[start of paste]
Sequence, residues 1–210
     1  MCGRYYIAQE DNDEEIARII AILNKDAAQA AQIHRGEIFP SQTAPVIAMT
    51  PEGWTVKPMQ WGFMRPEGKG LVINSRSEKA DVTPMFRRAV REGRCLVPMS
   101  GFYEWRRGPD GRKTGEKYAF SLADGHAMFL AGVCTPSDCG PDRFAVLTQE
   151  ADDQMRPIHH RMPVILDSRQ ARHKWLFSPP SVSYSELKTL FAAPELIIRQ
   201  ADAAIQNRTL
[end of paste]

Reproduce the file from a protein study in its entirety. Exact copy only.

Sequence, residues 1–210
     1  MCGRYYIAQE DNDEEIARII AILNKDAAQA AQIHRGEIFP SQTAPVIAMT
    51  PEGWTVKPMQ WGFMRPEGKG LVINSRSEKA DVTPMFRRAV REGRCLVPMS
   101  GFYEWRRGPD GRKTGEKYAF SLADGHAMFL AGVCTPSDCG PDRFAVLTQE
   151  ADDQMRPIHH RMPVILDSRQ ARHKWLFSPP SVSYSELKTL FAAPELIIRQ
   201  ADAAIQNRTL